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Decent jump ring cutter?


#1

Hello.

I have a Pepe jump ring jig and a Foredom drive but I seem to
overheat and jam the metal blades I’m using when cutting a coil of
sterling silver rings. I do use cutting wax to lubricate. Is there a
more expensive machine that does this better? What are the
wholesalers using?

Any thoughts would be greatly appreciated.

Many thanks.
Rick & Sheila
McQ Designs.Com


#2

I use bur life on the cutter and go at it SLOWLY. I have had a jump
ringer for 12 years and this is the way I learned to use it. Also,
it a tooth gets damaged on the cutter you have to get another or it
will buck and not work well.

Susan
www.ThorntonStudioJewelry.com


#3

Hi Rick,

Contact Dave Arens (an active member of Orchid) email: he is in Tucson, I believe he makes a very good
jump ringer.

Jennifer Friedman


#4

Rick:

I teach chain making and have worked with a number of power jump
ring cutters. I have been very satisfied with the "Koil Kutter"
manufactured and sold by “Gemsetc” in Tucson, Az. The device is not
very expensive, can be powered by a Foredom or Dremel or Proxon.

I’ve have two and have used them for at least six years for my chain
making classes and workshops with excellent success.

I like to place my coil holder in a vice so that I can use both
hands to draw the cutting head down the slot in the coil holder. You
should have your power tool running at its highest rpm when you
start cutting the coil. You should not move the cutting head into
the coil faster than th blade can cut. If you move the cutting head
too fast, you can jam the blade. A dull blade can also cause an
excessive load on the power tool and cause it to jam.

I hope this is of some help to you.

howard siegel


#5

It’s the old story: “You get what you pay for”. Our original Jump
Ringer, although initially more costly than the various knock-offs
(Pepe’s Jump Ring Maker, Dave Arens’ Koil Kutter, etc.), proves to
soon be more economical.

  1. Blades will last longer because of the more sophisticated design
    of the blade arbor and of the blade itself.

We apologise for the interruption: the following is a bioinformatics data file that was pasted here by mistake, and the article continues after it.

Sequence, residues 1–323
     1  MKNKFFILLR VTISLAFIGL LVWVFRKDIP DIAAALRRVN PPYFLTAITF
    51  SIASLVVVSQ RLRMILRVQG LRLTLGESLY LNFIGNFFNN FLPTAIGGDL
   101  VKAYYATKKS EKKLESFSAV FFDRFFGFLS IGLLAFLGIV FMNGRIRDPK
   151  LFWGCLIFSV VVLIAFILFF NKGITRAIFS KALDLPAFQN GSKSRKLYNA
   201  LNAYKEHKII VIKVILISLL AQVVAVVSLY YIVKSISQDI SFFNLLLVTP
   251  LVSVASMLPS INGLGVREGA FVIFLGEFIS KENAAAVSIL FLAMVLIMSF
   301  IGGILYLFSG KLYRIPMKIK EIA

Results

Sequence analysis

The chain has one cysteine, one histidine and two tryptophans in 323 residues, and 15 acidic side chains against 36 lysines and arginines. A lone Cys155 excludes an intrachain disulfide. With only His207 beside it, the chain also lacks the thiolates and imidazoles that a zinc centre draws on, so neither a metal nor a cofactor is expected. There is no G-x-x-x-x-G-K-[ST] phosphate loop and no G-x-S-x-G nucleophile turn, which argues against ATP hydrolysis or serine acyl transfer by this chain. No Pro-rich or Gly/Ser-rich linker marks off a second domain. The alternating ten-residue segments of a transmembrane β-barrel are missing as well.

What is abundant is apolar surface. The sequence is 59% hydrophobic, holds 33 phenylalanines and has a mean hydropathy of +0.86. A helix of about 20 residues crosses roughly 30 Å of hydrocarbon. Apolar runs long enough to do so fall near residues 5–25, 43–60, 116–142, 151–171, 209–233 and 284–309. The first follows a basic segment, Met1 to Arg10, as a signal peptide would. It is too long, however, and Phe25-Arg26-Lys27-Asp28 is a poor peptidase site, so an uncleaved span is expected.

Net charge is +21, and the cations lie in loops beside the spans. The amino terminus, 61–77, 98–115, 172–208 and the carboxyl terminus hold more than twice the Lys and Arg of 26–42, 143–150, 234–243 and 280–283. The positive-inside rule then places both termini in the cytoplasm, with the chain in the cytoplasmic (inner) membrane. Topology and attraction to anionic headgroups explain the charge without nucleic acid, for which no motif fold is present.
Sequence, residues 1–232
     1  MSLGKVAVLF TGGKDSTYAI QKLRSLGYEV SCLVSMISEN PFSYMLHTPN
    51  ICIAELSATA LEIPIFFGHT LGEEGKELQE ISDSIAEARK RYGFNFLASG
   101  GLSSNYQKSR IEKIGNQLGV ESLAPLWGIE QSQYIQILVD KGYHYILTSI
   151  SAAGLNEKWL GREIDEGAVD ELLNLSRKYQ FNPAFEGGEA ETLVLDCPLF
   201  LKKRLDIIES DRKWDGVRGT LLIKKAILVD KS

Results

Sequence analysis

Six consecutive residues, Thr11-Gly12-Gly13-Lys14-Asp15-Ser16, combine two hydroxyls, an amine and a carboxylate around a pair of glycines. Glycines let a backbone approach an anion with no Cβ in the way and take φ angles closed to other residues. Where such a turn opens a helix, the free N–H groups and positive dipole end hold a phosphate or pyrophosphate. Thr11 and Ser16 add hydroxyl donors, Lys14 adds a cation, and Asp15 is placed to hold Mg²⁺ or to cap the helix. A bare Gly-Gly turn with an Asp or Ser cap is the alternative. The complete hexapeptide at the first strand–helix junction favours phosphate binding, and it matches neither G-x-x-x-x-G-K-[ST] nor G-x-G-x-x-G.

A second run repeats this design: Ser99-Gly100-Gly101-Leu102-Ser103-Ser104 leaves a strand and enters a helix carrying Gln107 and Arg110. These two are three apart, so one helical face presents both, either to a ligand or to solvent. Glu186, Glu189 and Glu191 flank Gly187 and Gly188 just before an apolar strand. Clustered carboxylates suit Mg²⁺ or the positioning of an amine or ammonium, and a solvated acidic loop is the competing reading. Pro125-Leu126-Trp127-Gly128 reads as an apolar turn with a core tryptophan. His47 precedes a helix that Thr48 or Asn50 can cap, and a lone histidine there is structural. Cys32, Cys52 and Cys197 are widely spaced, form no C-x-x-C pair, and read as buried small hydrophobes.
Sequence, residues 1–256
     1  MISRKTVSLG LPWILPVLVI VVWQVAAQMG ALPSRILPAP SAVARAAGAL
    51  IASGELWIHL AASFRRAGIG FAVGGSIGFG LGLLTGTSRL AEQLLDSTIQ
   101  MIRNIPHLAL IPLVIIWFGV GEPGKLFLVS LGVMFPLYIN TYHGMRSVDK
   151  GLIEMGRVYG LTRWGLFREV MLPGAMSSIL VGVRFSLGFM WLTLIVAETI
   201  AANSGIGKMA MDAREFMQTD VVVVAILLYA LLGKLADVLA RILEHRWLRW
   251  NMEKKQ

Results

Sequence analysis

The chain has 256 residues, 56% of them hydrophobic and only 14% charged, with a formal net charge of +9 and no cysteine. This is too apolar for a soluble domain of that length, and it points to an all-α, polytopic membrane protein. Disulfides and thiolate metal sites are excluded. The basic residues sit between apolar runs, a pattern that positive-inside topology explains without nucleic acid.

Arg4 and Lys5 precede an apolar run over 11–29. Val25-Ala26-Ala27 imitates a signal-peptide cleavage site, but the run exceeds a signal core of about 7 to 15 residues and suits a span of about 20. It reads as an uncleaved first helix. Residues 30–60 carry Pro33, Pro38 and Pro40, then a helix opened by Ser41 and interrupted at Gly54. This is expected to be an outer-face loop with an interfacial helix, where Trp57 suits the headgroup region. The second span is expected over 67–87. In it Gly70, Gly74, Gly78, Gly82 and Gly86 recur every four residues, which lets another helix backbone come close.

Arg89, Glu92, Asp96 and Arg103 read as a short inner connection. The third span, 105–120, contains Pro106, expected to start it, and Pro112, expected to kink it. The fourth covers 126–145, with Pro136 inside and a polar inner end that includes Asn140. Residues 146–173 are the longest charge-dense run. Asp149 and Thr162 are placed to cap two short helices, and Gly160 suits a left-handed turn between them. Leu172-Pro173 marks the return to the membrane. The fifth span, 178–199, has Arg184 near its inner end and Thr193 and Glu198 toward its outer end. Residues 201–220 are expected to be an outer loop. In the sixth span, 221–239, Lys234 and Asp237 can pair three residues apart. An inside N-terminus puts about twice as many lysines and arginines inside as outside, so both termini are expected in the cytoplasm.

2. One size blade will cut the full range of wire diameters.

  3. Jump Ringers have 4 different size V grooves in the coil holder
    vs. only 1 in the copies. This translates into better securing of the
    coil while cutting. It also allows for the production of much larger
    diameter rings (up to finger sizes for finger and toe rings).

  4. The copies can make and cut coils up to 3" (76mm) long because
    that’s what ours did when they “invented” theirs. Our short models
    now wind and cut 5" (127mm) long coils in about the same time.That
    translates into greater productivity and reduced scrap. If production
    needs dictate, a 15" (381mm) long version with power winding is
    available.

  5. The winder’s chuck on all copies have a 3/8" (9.5mm) keyless
    chuck for low cost. The Jump Ringer’s is a 1/2" (12.5mm) keyed Jacobs
    chuck for greater versatility and better holding power.

  6. Fancy shaped (oval, square, triangle and diamond) jump rings may
    be made with the Jump Ringer by purchasing the appropriate accessory.

Rick Maddocks’ original posting asked, " Is there a more expensive
machine that does this better?" The answer is yes it’s called Jump
Ringer. You get what you pay for.

Ray Grossman
Ray Grossman Inc.
Inventors and manufacturers of
Jump Ringer Systems


#6

Hi Rick and All

I junked the sawblade for my jumpringer pretty quickly and now use a
diamond disc in my Foredom and cut freehand. It makes a much smaller
slice. On occasion, before actually sawing the jumps, I use a
heatless mizzy to grind off part of the jump ring (usually at the
cut) thus getting more of a contact if I solder the ring to
something.

Lainie


#7

Hi Ray,

5. The winder's chuck on all copies have a 3/8" (9.5mm) keyless
chuck for low cost. The Jump Ringer's is a 1/2" (12.5mm) keyed
Jacobs chuck for greater versatility and better holding power. 

The above statement is incorrect.

The winder that goes with the Koil Kutter has a 1/2" Jacob’s chuck.

Dave